When I woke up from the surgery I could not open my eyes or move my body, but I could hear the medical personnel talking about this girl who “lost” both her fallopian tubes and how sad it was because she was so young.  I remember thinking, “How many other people could have had this same surgery that I had?” Then I realized it was ME they were talking about, that I was the “poor, young girl that lost both her tubes!”

The next memory I have is being rolled into a hospital room and my husband waiting for me in the room. Then I saw my Mother gathering herself outside the doorway to prepare to come in, of course I knew why she was so upset, but they did not know that I also knew. Mother came in with Mary and also with Mary’s daughter, Judy along with Judy’s daughter Sara. Judy had grown up with me and I knew that she had been called with the news. Judy later told me she hated to come with her daughter, but did not have anyone to keep her. Judy and I had grown up together and had been there for each other through many things and now she just wanted me to know she was here for me. One of the most painful things for me was to see the hurt and pain on everyone’s face and yet none of them knew that I also knew this “secret” that they knew would devastate me.

Once they left I looked over to my husband and said “They took both of them didn’t they?” and he just nodded with tears in his eyes. At the time, I thought finding out the way I did (hearing the staff talk about me) was the worst way anyone could be told! Several years later, I realized it was God’s way of saving my husband from having to tell me this terrible news. Brian later told me he just did not know how he was going to tell me, but God took that burden away from him knowing we had many more to face.

Marti Bailey

Brian and I got married right out of college in 1998 and started “trying” to have children three years later. In 2002 Dr. Keenan had to remove both my fallopian tubes because they were blocked. This blockage was due to scar tissue from a surgery I had soon after I was born. What a shock it was to go from trying to have children “naturally” to then being faced with traditional adoption or In Vitro Fertilization. After many years of unsuccessfully going through IVFs then traditional adoption we finally got to where we were supposed to be, embryo adoption. In April of 2008 our dream of having a child finally came true. We were not only blessed with one healthy child but two. They were born at 30 weeks and had to stay in the NICU for 49 days. Julian and Natalie are now 21 months old and are on the go all the time! It was a very long journey to get here, but now we are enjoying our time with our children more than we ever thought possible. God has truly blessed us!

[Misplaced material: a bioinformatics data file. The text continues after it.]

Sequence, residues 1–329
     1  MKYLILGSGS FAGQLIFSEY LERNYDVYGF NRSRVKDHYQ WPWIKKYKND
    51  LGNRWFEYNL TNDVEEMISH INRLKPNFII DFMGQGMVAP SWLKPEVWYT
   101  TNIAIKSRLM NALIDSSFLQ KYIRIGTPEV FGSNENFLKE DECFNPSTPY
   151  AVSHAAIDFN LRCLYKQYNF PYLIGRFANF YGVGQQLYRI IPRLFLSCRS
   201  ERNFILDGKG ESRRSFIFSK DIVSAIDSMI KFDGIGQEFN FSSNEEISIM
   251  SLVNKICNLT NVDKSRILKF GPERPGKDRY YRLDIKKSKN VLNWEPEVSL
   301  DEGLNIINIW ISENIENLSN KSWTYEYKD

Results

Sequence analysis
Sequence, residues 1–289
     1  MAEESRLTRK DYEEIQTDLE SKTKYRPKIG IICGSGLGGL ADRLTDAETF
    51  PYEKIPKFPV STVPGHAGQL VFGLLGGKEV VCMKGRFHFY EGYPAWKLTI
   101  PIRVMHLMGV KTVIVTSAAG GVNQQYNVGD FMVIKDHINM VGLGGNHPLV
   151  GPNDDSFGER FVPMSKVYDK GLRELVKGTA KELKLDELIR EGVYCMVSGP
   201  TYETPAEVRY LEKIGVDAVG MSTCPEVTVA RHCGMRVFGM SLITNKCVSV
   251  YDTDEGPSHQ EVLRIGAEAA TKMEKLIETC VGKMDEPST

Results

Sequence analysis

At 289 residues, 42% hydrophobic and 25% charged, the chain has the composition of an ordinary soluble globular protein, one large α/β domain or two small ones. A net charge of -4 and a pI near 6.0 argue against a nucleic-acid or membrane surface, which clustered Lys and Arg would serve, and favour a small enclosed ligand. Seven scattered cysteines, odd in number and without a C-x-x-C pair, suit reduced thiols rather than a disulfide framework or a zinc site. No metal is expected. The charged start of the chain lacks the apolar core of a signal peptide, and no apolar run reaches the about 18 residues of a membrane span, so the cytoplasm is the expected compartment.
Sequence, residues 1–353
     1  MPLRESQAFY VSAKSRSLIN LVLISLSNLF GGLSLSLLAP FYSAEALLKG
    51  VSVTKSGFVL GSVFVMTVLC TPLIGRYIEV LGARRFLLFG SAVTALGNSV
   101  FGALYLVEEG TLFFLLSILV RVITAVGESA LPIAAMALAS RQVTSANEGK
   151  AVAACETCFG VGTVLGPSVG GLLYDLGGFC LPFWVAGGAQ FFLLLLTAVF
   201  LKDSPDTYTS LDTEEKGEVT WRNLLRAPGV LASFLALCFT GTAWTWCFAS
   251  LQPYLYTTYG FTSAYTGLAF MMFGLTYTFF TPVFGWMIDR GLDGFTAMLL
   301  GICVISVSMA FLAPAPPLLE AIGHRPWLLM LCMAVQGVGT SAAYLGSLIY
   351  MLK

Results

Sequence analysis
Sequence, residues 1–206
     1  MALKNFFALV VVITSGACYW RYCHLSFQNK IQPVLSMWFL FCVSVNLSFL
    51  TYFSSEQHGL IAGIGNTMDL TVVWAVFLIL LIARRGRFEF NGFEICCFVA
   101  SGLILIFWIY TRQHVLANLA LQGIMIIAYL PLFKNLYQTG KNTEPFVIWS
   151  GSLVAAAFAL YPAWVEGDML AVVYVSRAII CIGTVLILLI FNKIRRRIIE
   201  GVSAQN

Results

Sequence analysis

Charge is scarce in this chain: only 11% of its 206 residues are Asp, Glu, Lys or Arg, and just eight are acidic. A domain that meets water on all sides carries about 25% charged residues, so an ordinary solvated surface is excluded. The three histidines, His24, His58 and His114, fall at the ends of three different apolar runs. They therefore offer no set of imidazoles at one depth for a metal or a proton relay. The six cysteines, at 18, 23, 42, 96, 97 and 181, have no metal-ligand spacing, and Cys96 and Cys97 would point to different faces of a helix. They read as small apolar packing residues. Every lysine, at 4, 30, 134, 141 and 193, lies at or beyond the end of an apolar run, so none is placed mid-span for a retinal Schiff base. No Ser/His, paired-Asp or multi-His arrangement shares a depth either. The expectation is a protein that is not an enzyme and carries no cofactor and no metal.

Patty Cassidy

Hi, my name is Patty Cassidy, and I’m happy to be sharing my infertility and open adoption experience with you.

I’ve been married to my husband Jim for almost 20 years, and we have 3 sons, Ryan (13 yrs), Joel (8 yrs) and Chad (4 yrs). We were fortunate to find an infertility doctor who specializes in an infertility treatment known as Intracytoplasmic sperm injection, or ICSI as it is commonly referred to. This was the answer to our prayers, but it took many long years to reach.

I’m excited that Marti and I were asked to participate in this blog, because I think it will help others who are unsure of the next step in their pursuit of a family. It can be scary at times, and although family and friends say they “understand what you are going through”, I don’t think they really do. How could they, unless they have had a similar experience? I know they mean well, but sometimes it isn’t enough.

I can remember when my husband Jim and I first found out we would have to have infertility treatments. He had been diagnosed with testicular cancer, so the infertility issue took a backseat. It wasn’t until a few years after his operations and chemo treatments that we addressed this new wrinkle. We didn’t know a soul who had experienced this, but as I started to talk about it, I found out that many had, only they weren’t open about it.

As we (rather I) underwent treatment, I would often times wish there was somewhere to turn to for guidance and support. Maybe at the time there was, but I never found it. I hope this blog will be that somewhere to turn.

Patty Cassidy